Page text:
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Marketquest Group, Inc. v. BIC Corporation

United States District Court, S.D. California

April 17, 2015

MARKETQUEST GROUP, INC., a California corporation d/b/a All-In-One, Plaintiff,
BIC CORPORATION, a Connecticut corporation, et al., Defendants.


CYNTHIA BASHANT, District Judge.

Before the Court are Defendants Norwood Promotional Products, LLC ("Norwood") and BIC USA, Inc.'s ("BIC") motions for summary judgment. ECFs 214, 215. Plaintiff Marketquest Group, Inc. ("Marketquest") has sued them for infringing its trademarks "All-In-One" and "The Write Choice" (respectively), and Defendants have moved for summary judgment on all claims on the basis that any infringement is protected by fair use. For the following reasons, the Court GRANTS Defendants' motions.


Plaintiff Marketquest Group Inc. is a California corporation that produces and sells various promotional products. FAC ¶¶ 10-12. Marketquest has registered trademarks for "ALL-IN-ONE" and "THE WRITE CHOICE."[1]

BIC included the phrase "The Write Pen Choice" in online advertising and displays for writing instruments, including its pens, in October 2010. FAC ¶¶ 21-25. This campaign, designed to celebrate BIC's thirty-year anniversary producing its ROUND STIC pens in the United States, included BIC ® and ROUND STIC ® at the top of the page, followed by "The WRITE Pen Choice for 30 years!", unaccompanied by either TM or ®. BIC and ROUND STIC, along with BIC's logo, are included in other portions of the advertisement and are always prominently followed by ®. FAC, Ex. G. This advertisement could allegedly be found on various internet sites and at BIC's promotional displays. FAC ¶ 23. This promotion is no longer active.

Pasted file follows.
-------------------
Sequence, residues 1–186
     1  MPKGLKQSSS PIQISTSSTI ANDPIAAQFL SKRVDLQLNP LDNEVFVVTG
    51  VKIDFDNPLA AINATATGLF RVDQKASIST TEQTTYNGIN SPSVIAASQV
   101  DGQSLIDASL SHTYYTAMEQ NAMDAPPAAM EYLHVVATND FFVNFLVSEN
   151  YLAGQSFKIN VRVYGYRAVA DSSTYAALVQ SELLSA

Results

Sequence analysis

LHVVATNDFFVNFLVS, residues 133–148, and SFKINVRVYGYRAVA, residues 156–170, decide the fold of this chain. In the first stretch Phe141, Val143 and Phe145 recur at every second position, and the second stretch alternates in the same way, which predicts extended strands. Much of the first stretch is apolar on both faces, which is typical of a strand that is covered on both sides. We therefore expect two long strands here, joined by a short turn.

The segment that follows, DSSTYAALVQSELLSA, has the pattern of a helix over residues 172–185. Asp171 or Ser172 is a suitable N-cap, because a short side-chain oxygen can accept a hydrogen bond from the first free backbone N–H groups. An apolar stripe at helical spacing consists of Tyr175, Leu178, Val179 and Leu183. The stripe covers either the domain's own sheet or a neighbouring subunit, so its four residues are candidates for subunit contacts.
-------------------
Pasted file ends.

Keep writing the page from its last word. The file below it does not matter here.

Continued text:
Norwood, a subsidiary of BIC, sells promotional products and included the phrase "All in ONE" on its 2011 product catalogue. FAC ¶ 24. This catalogue included many of Norwood's hard goods products in one catalogue and is no longer available. "Norwood ®" was printed in a larger font on the cover of the catalogue, and "All in ONE" appeared below and to the right of it.


Federal courts sitting in diversity "apply state substantive law and federal procedural law." Snead v. Metro. Prop. & Cas. Ins. Co., 237 F.3d 1080, 1090 (9th Cir. 2001) (citing Gasperini v. Ctr. for Humanities, Inc., 518 U.S. 415, 427 (1996)). Under Rule 56 of the Federal Rules of Civil Procedure, summary judgment is appropriate if "the movant shows that there is no genuine dispute as to any material fact and the movant is entitled to judgment as a matter of law." Fed.R.Civ.P. 56(a); Celotex Corp. v. Catrett, 477 U.S. 317, 322 (1986). An issue of fact is "material" if it "might affect the outcome of the suit under the governing law." Anderson v. Liberty Lobby, Inc., 477 U.S. 242, 248 (1986); George v. Morris, 736 F.3d 829, 834 (9th Cir. 2013). A dispute is "genuine" if "a reasonable jury could return a verdict for the nonmoving party." Anderson, 477 U.S. at 248; see also FreecycleSunnyvale v. Freecycle Network, 626 F.3d 509, 514 (9th Cir. 2010). "Disputes over irrelevant or unnecessary facts will not preclude a grant of summary judgment." T.W. Elec. Serv., Inc. v. P. Elec. Contractors Ass'n, 809 F.2d 626, 630 (9th Cir. 1987) (citing Anderson, 477 U.S. at 248).

A party seeking summary judgment bears the initial burden of establishing the absence of a genuine issue of material fact. Celotex Corp., 477 U.S. at 323. The moving party without the ultimate burden of persuasion at trial can satisfy this burden in two ways: (1) by producing "evidence negating an essential element of the nonmoving party's claim or defense;" or (2) by demonstrating that the nonmoving party does not have enough evidence of an essential element to carry its ultimate burden of persuasion at trial. Nissan Fire & Marine Ins. Co., Ltd. v. Fritz Cos., Inc., 210 F.3d 1099, 1102 (9th Cir. 2000); Celotex, 477 U.S. at 322-23; Fed.R.Civ.P. 56(c)(1). Evidence may be offered "to support or dispute a fact" on summary judgment only if it "could be presented in an admissible form at trial." Fraser v. Goodale, 342 F.3d 1032, 1036-37 (9th Cir. 2003); see also Fed.R.Civ.P. 56(c)(2). However, at the summary judgment stage, the focus is not on the admissibility of the evidence's form, but on the admissibility of its contents. Id. If the moving party meets it burden, the burden then shifts to the non-moving party to produce admissible evidence showing a genuine issue of material fact. Nissan Fire, 210 F.3d at 1102-03; Matsushita Elec. Indus. Co. v. Zenith Radio Corp., 475 U.S. 574, 586-87 (1986).